T cells are one of two primary types of lymphocytes, which are white blood cells found in blood and lymph tissue in the body. T cells can be recognized by the presence of the T cell receptor (TCR) located on their cell surface. Each T cell contains a single round nucleus.
Lymphocytes account for about 25% of white blood cells, and T cells represent approximately 80% of total lymphocytes.
T cells originate from the bone marrow, which is the soft fatty tissue inside bones.
T cells migrate from the bone marrow to the thymus, a small gland located in the neck. Here, they mature and differentiate into different types of T cells, such as CD8+ T cells and CD4+ T cells.
T cells play a central role in the body’s adaptive immune response. They recognize and destroy foreign invaders, such as virus-infected cells.
CD4+ T cells are known as “helper” cells, and they are involved in almost all adaptive immune responses. They use cytokine signaling to help activate B cells that secrete antibodies and macrophages to destroy microbes. CD4+ T cells also help activate CD8+ T cells to kill the target cells.
CD8+ T cells (Cytotoxic T Cells), called “killer” cells, directly kill virus-infected and cancerous cells and use small signaling proteins called cytokines to recruit other cells when neutralizing these foreign threats.
Regulatory T cells are another class of T cells. They can distinguish between foreign cells and the body’s own cells to prevent the immune system from attacking itself.
Once T cells are mature and leave the thymus, they circulate throughout the bloodstream until they identify to their antigen on the surface of a foreign invader. When the T cell receptor (TCR) binds to the antigen, activation begins. Mature T Cells which are not activated are Naïve T Cells.
Each T cell has a unique T cell receptor (TCR) that recognizes a specific antigen.
TCRs recognize an antigen when they bind with major histocompatibility complex (MHC) molecules on the surface of other cells. There are thousands of TCRs on the surface of a T cell, which increases the chances of the T cell binding with an antigen.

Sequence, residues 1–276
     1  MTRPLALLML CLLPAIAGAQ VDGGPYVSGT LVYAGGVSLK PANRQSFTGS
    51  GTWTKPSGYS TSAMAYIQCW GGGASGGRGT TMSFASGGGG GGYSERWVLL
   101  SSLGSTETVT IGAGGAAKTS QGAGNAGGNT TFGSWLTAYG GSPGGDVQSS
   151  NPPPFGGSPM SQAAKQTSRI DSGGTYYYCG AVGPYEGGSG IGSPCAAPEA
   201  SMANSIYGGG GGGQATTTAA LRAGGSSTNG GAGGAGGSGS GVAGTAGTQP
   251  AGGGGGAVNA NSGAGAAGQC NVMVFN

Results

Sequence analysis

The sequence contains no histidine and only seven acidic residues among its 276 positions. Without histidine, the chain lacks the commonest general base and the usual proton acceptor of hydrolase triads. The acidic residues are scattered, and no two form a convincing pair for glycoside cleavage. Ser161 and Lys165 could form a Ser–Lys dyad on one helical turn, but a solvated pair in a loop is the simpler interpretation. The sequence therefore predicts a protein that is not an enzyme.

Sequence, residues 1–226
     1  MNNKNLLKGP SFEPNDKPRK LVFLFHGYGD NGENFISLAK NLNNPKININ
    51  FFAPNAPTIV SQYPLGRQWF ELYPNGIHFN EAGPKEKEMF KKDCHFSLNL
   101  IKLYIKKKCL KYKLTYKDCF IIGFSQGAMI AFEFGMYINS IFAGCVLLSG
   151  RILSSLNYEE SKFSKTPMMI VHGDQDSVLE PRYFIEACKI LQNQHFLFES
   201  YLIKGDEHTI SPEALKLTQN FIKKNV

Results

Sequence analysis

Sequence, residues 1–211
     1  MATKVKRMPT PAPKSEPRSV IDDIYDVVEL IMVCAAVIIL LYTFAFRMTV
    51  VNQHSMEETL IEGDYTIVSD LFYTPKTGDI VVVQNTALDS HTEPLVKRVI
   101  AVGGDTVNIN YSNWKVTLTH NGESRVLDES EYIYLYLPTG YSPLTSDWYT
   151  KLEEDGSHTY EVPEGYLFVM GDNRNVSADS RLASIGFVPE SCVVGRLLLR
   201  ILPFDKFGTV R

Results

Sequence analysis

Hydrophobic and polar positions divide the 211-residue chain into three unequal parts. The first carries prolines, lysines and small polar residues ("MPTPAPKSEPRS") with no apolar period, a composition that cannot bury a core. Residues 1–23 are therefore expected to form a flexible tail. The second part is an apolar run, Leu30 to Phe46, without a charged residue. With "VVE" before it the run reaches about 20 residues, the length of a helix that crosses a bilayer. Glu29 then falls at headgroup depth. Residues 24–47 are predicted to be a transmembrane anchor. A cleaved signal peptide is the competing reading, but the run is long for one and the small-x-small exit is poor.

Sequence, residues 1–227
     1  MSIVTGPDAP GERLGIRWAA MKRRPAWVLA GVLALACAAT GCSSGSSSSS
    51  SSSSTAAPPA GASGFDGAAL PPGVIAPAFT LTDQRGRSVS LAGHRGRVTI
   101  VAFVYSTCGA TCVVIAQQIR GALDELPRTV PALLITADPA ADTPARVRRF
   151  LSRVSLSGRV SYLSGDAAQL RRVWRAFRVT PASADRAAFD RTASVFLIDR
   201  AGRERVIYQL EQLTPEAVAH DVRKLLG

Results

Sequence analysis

T cell isolation is a process used to separate T cells from a heterogeneous mixture of cell types within a variety of complex biological samples, such as blood or tissue.
Once T cells are isolated, they can be characterized, modified, or used for experimentation. One common application is for T cell therapy research, which involves genetically modifying T cells and studying their ability to kill cells of interest. CAR-T cell therapy is a common treatment that involves genetically modifying T cells to improve their specificity toward cancer cells.
The same cell separation methods used for T cell isolation can be used for B cell isolation. Some common methods used for T cell isolation are magnetic cell sorting, density gradient centrifugation, and microfluidic cell sorting.
One method is selection. Positive selection is when T cells are targeted by the removal mechanism and retained for downstream analysis. On the other hand, negative selection is when other cell types are removed to leave the T cells untouched.
T cell depletion is another approach, where a single cell type—in this case, T cells—is removed from a biological sample to enrich all other remaining cell types.
There are two types of lymphocytes: T cells and B cells. They are both critical parts of the immune response and are interconnected, because T cells are required to activate B cells.
While both B cells and T cells are involved in triggering the immune response, the main difference between the two is that T cells can only recognize viral antigens on the outside of infected cells and B cells can only identify the surface antigens of the infectious agents themselves.
While some T cell diseases can be caused by illnesses, others are inherited.
Diseases involving a high T cell count include the following:
A low T cell count could be a sign of an autoimmune disease, a nerve disease, or a disease that weakens the immune system, such as HIV. Additionally, lymphocytopenia (also known as lymphopenia) can be caused by a low lymphocyte count.
New treatments such as TCR therapy are being introduced to help T cells.
Yes. DNA is encased in the nucleus of cells, and T cells have nuclei.